The count of Carolais, Charles de Bourbon was the prince whom Louis XIV clearly detested. And yet this fact would not affect the prince’s popularity at the Court of Versailles. The great displeasure of the Sun King was due to the prince’s flight from Versailles to fight the Turks in Hungary. Back in France as a great hero who had distinguished himself at the battle of Belgrade, our prince was quickly forgiven.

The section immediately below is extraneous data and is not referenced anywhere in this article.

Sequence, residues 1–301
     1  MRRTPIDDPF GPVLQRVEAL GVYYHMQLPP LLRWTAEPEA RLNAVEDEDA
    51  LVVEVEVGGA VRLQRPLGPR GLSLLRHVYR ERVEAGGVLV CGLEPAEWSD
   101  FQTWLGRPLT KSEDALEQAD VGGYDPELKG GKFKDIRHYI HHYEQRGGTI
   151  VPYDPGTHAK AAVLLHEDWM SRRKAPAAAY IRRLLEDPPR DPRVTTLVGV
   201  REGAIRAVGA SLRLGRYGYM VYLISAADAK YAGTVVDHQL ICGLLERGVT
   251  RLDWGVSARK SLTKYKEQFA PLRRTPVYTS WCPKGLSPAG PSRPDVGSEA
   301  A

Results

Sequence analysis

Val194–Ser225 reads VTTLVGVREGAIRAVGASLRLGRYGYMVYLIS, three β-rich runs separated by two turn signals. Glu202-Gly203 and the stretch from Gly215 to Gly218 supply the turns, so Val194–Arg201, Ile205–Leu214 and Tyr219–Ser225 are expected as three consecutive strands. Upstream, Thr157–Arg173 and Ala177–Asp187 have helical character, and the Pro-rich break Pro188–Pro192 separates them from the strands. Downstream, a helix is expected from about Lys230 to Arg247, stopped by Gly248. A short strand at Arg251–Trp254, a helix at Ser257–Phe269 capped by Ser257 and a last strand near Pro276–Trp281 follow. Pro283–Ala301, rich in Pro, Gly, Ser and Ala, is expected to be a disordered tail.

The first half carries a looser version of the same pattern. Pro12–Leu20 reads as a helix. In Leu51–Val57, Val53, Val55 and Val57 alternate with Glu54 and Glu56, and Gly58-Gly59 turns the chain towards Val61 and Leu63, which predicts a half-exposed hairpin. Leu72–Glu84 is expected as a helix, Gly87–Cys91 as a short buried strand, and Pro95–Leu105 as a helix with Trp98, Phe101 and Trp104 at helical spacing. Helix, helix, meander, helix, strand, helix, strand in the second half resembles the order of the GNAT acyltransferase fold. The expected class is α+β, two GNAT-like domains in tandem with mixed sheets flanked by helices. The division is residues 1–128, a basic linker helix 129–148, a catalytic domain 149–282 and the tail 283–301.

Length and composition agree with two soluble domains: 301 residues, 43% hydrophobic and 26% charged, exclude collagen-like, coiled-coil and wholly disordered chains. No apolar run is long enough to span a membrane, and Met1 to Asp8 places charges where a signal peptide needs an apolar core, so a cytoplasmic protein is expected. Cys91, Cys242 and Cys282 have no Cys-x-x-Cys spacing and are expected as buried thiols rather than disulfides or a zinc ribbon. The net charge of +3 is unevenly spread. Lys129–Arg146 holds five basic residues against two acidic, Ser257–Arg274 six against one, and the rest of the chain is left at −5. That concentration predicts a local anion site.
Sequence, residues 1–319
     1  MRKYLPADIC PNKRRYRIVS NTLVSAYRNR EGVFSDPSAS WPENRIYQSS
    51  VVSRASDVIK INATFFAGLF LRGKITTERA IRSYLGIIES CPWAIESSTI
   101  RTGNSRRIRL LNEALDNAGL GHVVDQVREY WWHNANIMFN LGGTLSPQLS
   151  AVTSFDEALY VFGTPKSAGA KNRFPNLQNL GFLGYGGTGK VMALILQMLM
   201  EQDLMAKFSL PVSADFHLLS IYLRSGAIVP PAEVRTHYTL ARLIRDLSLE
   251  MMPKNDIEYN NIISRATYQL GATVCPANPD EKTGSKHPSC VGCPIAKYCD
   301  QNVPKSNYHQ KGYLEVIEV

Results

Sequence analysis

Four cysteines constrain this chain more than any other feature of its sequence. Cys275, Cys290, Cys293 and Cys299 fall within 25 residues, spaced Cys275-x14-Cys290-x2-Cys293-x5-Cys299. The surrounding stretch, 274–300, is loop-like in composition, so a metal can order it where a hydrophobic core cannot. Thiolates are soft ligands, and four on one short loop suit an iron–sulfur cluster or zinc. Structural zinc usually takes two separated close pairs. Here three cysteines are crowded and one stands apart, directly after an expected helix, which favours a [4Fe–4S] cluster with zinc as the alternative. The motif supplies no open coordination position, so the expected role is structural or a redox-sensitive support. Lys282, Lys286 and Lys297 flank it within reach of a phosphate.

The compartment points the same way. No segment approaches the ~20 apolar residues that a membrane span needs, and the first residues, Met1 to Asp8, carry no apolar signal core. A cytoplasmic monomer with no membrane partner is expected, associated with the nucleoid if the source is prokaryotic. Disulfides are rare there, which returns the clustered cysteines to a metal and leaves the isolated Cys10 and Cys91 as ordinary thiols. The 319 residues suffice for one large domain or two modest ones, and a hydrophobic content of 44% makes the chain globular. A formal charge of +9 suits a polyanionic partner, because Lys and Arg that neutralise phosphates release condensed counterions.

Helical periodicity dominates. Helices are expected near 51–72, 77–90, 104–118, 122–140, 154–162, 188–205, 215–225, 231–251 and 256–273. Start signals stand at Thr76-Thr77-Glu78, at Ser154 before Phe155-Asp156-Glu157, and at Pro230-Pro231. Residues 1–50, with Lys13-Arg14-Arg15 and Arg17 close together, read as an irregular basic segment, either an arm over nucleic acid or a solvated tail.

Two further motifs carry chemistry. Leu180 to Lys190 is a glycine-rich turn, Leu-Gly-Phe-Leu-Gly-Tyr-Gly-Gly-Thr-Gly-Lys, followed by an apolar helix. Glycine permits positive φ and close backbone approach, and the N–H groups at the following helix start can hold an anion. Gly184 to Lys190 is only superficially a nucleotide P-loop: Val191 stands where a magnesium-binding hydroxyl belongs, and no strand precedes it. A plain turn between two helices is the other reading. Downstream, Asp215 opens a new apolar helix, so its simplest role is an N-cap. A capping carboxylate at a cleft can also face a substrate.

In the days of Regency, Charles de Bourbon is more renowned for his debauchery and has a distinguished police file. He beats up a coach driver of the Spanish ambassador for parking in the spot reserved for the princes and inspires Marquis de Sade with a good number of escapades involving kidnapping and love-slaves. He is summoned by the Regent to give a full account of a murder of an innocent man who simply gets into the prince’s way. Philippe of Orleans has no choice but to forgive him, “I forgive you,” says the Regent, “as I forgive the man who may one day kill you.”